Most houses had a ‘copper’ (as we did in Princes Road), a concrete edifice in the corner of the scullery, containing a copper lining which you filled with water from the one tap and lit a coal fire underneath it to heat the water, it emptied by a tap at the bottom. This was used to boil up all the clothes (which were suitable for boiling) to clean them. It could also be used to heat enough water so that those who chose to have a bath at home rather than at the Public Baths could fill the tin (galvanized) bath which would otherwise hang on the wall in the garden.
My parents moved around quite a bit, moving from Washington Street to Redvers Road. Later they moved to St Paul’s Street, which at the time was quite rough area. We were only there for two weeks before my mother said she wasn’t going to live there any longer! Then we moved to Roundhill Crescent, which was a big house and even had a bathroom! We shared the house with my father’s half brother Len and his wife Bess, (who was a wee little Scots woman who wouldn’t say boo to a goose), along with their three daughters. Brenda and I were roughly the same age as these three cousins so we got on well. The house at Roundhill Crescent was only about four houses away from where Bill, my future husband was living, although I didn’t know it at the time.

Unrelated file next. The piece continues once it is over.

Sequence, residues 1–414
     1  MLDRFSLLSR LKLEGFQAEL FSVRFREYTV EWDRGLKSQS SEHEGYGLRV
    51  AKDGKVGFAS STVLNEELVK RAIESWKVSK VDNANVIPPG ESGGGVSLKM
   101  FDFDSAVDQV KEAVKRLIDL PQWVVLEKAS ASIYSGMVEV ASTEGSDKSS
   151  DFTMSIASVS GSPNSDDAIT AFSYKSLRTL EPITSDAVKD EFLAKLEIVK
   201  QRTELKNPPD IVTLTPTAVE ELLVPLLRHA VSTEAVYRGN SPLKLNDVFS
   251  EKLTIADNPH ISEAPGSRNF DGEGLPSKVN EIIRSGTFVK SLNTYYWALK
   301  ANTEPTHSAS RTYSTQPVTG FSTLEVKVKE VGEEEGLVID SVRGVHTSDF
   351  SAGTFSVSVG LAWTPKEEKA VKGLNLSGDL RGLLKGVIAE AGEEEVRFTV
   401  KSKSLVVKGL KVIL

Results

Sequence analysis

When Bill and I moved to Kenya, Brenda saw the cousins occasionally, but some time after we returned to the UK Brenda and I were able to have regular tea parties with all three cousins and Aunty Bess. She was living in a nursing home where she eventually died. After this two of the cousins moved to Seaford where Betty, the eldest already lived, and so our regular get togethers became less frequent .
Finally we moved to 16 Princess Road, a few roads away.
Rose died from a stroke in 1956 at the age of 53, her ashes were scattered on her mother’s grave. In February 1959 Jim married Celia Palmere.